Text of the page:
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President Donald Trump's signing of a major tax overhaul bill will distort the so-called Santa Claus rally, closely followed trader Art Cashin told CNBC on Tuesday.
Stocks opened lower Tuesday, four days after Trump signed the Republicans' tax bill into law, which included lowering the corporate tax rate to 21 percent from 35 percent.
The Santa Claus rally often occurs in the last week of December through the first two trading days of January.
"The tax bill threw a lot of things off," Cashin said in an interview on "Squawk on the Street." "People didn't necessarily do the kind of ... selling they're used to. They didn't know what kind of rules would apply, so they kind postponed some of that."
"That may be what is going to distort the Santa Claus rally," said Cashin, UBS director of floor operations at the New York Stock Exchange.
He also said he witnessed something particularly interesting after the GOP voted to approve its tax bill.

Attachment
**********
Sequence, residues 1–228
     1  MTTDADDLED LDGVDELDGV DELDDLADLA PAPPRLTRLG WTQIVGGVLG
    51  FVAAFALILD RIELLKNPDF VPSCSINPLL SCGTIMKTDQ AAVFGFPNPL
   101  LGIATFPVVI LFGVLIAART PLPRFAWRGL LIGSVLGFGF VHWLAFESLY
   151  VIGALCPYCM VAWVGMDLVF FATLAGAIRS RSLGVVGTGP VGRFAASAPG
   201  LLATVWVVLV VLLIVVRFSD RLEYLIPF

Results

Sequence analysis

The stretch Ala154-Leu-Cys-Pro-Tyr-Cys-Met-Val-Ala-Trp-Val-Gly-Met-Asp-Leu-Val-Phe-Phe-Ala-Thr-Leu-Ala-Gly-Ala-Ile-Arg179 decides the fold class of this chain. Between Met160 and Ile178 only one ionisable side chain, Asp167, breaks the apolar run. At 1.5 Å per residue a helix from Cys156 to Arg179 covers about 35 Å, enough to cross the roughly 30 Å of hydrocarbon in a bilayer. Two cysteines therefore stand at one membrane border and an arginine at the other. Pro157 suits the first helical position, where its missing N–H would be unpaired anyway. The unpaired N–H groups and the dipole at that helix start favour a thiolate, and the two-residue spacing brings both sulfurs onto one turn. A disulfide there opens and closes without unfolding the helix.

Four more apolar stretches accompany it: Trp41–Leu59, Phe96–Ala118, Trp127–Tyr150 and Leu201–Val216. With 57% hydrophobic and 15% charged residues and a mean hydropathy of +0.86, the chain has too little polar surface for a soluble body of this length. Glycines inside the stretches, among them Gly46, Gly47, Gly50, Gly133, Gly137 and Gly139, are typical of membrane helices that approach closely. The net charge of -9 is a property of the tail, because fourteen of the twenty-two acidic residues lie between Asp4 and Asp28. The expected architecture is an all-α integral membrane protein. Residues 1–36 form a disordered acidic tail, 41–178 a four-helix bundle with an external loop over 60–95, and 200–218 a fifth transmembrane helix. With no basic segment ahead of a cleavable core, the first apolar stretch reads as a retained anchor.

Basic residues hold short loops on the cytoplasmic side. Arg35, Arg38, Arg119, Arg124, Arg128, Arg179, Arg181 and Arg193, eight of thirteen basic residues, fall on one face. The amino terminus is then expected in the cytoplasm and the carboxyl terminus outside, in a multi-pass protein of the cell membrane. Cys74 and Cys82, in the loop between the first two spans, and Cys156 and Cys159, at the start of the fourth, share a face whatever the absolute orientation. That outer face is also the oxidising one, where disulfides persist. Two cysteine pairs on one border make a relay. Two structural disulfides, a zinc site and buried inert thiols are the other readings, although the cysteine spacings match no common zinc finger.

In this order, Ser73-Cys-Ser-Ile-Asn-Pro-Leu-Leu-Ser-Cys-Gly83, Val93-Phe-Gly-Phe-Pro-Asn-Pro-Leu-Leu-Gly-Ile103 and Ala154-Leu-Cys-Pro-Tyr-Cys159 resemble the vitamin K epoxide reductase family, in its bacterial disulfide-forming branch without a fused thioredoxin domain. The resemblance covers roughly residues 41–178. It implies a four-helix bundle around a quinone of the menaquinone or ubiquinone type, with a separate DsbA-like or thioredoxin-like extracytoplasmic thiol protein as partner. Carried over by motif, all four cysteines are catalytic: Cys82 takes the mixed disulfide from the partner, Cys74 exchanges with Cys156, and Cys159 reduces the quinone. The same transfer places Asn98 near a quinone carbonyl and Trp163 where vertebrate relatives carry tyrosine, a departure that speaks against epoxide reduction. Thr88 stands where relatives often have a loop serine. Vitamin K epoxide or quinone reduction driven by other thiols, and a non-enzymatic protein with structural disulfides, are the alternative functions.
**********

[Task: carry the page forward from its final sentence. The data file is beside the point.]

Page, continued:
"Just as it was passing, we saw the largest takedown in bond funds and in stock ETFs that we've seen all year. So I don't know whether that was some kind of year-end planning or not. But it's a little disturbing going into the period when you think you're going to have a massive rally," Cashin said.
Regarding the markets' performance in 2018, he said it is shaping up to be "absolutely wonderful."
"Corporations will have theoretically greater earnings without needing to do higher revenues and higher sales," Cashin said. "So, I'm wondering maybe we should be looking over our left shoulder if something geopolitical may be a surprise."